The Novel in Focus

Plot summary

Although the action in La Regenta takes place in the late 1870s during the early stages of the Restoration Period (1875-1902), the work spans the larger part of the nineteenth century. Its 30 chapters are divided into two halves. Part 1, published in 1884, contains the initial 15 chapters and lasts three days, beginning in the early afternoon of October 2, 1877, and ending well into the evening of October 4. Part 2, published in 1885, spans a three-year period, its chronology based on the liturgical calendar whose dates correspond to well-known holy days in Catholic Spain.

The setting is a small provincial city that is located in the northern region of Asturias and functions as the religious center of an equally unimportant diocese in this remote area. As its name, Vetusta (“Ancient”), implies, nothing much has changed here throughout history. The cathedral, a mixture of gothic architecture and later additions, constitutes the symbolic, spiritual, and physical center of the daily lives of its inhabitants. Thus, appropriately, the novel begins and ends in this edifice.

Two days before the feast day of Saint Francis of Assisi, as the townspeople sleep off the effects of a typically heavy midday meal, we are introduced to the most formidable character of the novel as he plies his trade from his center of operations. He is Fermín de Pas, the canon and vicar-general of the cathedral, perched atop the highest steeple of the church, telescope in hand, spying on the faithful and the not-so-faithful Vetustenses before he is called to attend afternoon choir services along with other members of the church administration. Because only three days transpire in the first part of La Regenta, the narrative tempo is slow—not time but space, through abundant but rather static descriptions, fills the pages. The narrator dwells on the lives of the protagonists and the places where they thrive. Fermin’s metier is the cathedral and everything connected with it—the confessional, the vicarage (where he lives with his mother and with a lusty maid), the pulpit, the bishop’s apartments, and the living rooms of his richest parishioners, where he wields influence and power. Though a priest, Fermín remains nonetheless a vigorous man, trapped, by the time we meet him, by his mother and his vestments in a life that has ceased to offer further challenges or rewards. From the confessional, he controls wives and through them their husbands and lovers, and he also learns those secrets that no one else can know since he alone can connect all of the dots. Information gives him power. Fermin also derives much of his power from his mother Paula’s influence over the bishop, a holy man whose only misfortune (ironically, his name is Fortunato) was a sexually weak moment with her, which he is being made to pay for all his life. Paula’s ambitions for her son include making him rich, a goal she achieves by bankrupting all competitors in the sales of religious objects in Vetusta. With a simple (though secret) decree, every parish priest in the diocese is obliged to purchase everything from candles to missals in an establishment she owns as a silent partner, piously called “The Red Cross.” In addition to his mother, the aristocracy is Fermin’s ally in his fight for control of all of Vetusta, an uphill battle in those times when the urban factory workers and many of the nou-veaux riches preferred a totally secular existence, free from the shackles of a dogmatic Church and a domineering aristocracy.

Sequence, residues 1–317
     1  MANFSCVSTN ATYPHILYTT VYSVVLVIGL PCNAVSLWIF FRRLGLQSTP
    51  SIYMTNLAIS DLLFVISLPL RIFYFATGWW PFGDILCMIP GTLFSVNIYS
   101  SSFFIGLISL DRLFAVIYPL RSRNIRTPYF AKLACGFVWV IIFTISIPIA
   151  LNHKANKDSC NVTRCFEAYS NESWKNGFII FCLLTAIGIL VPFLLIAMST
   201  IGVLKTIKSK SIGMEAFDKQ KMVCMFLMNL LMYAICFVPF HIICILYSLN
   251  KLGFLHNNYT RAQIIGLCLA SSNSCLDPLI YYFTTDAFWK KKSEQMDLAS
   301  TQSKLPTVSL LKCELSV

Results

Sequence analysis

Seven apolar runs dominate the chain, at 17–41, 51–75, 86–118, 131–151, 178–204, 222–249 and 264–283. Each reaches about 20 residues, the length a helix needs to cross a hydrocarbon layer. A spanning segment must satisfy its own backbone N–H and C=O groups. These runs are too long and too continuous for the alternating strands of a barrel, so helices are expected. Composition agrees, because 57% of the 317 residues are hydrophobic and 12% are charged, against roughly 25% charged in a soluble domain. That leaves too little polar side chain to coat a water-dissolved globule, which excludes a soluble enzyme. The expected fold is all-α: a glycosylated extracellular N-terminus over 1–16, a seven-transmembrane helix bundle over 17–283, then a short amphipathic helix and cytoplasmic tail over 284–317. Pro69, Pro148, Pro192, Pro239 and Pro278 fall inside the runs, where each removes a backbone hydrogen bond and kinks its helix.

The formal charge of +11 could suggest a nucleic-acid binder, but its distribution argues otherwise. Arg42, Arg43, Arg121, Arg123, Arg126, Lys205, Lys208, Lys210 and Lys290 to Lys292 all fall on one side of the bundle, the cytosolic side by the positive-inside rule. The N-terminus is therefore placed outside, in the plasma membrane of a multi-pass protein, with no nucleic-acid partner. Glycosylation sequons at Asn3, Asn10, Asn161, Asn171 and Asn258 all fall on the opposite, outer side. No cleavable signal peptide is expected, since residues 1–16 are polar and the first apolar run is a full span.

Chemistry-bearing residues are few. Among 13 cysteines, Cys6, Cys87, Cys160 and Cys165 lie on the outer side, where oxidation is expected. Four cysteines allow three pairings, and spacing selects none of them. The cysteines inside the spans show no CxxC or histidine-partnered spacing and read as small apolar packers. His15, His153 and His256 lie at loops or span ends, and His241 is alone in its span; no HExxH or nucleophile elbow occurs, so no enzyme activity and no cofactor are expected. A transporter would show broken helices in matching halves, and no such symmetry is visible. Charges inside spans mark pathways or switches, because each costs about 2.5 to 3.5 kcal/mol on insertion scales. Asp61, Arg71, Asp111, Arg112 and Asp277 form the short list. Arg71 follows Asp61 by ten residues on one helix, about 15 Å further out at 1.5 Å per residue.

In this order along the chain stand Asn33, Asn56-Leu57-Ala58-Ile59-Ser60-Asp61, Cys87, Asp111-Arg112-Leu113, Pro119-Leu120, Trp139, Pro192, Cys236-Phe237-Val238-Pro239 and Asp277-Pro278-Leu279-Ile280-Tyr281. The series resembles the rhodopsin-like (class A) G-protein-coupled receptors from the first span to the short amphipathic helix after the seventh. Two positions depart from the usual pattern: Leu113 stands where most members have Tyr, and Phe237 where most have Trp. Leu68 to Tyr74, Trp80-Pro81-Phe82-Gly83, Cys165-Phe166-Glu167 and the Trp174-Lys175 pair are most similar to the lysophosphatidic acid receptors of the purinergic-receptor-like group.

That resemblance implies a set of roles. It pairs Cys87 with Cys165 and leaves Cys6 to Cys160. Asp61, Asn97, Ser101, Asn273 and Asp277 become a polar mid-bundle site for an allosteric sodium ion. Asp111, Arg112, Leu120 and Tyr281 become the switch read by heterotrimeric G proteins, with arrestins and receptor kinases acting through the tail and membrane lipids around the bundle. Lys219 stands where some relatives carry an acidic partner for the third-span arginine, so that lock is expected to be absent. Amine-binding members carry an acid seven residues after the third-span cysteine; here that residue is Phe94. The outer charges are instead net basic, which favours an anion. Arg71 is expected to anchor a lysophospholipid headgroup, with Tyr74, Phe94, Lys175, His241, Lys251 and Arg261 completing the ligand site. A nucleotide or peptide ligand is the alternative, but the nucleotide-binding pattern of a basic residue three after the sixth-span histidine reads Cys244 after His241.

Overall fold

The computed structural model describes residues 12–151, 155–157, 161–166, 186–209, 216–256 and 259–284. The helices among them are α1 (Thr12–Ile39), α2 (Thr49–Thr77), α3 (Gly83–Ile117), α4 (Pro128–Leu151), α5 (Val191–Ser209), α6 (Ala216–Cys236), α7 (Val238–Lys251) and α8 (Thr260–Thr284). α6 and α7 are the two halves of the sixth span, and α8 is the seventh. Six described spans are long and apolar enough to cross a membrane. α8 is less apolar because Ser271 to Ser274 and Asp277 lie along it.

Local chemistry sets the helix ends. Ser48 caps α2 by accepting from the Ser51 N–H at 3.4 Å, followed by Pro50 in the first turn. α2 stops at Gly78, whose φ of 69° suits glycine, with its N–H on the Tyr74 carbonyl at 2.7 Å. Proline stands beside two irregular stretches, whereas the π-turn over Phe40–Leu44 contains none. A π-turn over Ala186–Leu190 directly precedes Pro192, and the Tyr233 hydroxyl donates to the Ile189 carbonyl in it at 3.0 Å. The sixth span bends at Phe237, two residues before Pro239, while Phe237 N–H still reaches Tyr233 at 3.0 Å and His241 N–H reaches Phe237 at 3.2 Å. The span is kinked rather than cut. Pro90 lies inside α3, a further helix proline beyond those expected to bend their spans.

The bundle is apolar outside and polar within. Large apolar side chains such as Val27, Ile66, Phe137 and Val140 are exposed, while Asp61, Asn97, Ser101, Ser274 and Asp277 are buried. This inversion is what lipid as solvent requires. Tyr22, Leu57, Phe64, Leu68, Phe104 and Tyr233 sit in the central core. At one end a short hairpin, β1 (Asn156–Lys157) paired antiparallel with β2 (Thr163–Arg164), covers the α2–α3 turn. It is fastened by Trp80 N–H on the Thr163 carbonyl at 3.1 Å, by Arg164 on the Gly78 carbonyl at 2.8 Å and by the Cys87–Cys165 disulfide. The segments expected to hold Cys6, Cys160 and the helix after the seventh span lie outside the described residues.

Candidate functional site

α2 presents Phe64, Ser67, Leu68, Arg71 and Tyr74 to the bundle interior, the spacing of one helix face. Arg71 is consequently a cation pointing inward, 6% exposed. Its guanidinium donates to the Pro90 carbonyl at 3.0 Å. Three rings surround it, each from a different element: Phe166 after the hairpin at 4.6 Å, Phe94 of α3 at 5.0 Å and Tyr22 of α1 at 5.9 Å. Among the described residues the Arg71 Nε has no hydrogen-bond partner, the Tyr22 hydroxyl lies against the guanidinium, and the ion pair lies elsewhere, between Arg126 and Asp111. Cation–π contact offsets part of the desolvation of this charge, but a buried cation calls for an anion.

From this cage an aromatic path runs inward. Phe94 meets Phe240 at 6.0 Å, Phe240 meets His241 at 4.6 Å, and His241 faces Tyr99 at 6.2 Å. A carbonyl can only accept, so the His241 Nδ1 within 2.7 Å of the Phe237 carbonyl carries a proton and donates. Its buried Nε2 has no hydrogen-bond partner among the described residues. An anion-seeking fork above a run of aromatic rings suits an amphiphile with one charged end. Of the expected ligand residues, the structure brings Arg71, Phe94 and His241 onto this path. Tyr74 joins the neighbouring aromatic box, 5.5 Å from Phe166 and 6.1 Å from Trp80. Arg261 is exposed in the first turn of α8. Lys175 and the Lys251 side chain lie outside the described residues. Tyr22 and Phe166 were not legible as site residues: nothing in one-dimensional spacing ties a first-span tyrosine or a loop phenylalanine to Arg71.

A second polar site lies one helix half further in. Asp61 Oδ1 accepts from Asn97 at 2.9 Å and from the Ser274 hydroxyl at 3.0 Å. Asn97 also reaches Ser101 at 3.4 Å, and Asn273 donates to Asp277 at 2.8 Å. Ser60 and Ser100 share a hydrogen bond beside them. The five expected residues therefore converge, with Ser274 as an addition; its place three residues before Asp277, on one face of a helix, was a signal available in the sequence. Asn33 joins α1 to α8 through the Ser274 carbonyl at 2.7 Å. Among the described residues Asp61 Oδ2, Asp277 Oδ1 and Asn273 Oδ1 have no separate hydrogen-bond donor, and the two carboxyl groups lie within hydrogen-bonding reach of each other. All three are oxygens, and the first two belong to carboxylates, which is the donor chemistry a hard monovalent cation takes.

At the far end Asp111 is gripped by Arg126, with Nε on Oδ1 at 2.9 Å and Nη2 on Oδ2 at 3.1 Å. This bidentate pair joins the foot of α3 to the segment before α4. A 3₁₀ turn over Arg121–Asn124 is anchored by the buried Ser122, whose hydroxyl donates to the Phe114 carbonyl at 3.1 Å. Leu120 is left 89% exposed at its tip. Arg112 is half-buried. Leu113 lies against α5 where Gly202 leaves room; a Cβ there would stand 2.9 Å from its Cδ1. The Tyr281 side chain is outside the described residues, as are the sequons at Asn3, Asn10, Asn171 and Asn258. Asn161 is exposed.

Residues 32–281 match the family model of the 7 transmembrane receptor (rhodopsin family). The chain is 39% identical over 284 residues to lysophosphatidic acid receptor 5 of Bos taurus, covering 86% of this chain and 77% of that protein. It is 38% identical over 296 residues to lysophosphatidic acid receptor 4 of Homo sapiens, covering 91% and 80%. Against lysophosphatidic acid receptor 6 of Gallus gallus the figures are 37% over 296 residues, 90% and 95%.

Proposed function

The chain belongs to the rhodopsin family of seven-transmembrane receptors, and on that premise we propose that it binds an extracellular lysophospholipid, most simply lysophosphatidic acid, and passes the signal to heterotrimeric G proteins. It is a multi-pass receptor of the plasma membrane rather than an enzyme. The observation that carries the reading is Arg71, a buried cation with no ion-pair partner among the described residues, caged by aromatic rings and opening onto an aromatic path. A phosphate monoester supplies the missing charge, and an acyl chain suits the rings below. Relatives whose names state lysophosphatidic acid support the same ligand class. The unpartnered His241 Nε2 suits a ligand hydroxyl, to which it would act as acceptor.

Fermin’s telescope lingers on the figure of Ana Ozores, a member of Vetusta’s impoverished aristocracy and the young wife of an old retired appellate court judge. Closer to Fermin’s age, the judge’s wife represents for Fermin the most desirable forbidden fruit. He begins to court Ana, ironically when he takes over as her confessor and spiritual advisor. Always careful not to let his passion show, Fermin tries to seduce her by means of dazzling religious challenges designed to prove to the other Vetustenses his sway over the most admired woman in the city. At first, Ana (scarred as a child by the sexual perversions of her father’s housekeeper, Camila, and Camila’s lover) accepts willingly the intellectual and spiritual ways of Fermín. One day, however, she realizes that his constant demands and intimate presence exceeds the realm of the spiritual and constitutes nothing less than the possessiveness of a jealous lover. Horrified at the thought of being a married woman pursued sexually by a man of the Church, Ana withdraws and the stage is set for the consummation of an adulterous affair with Vetusta’s local womanizer, Alvaro Mesia.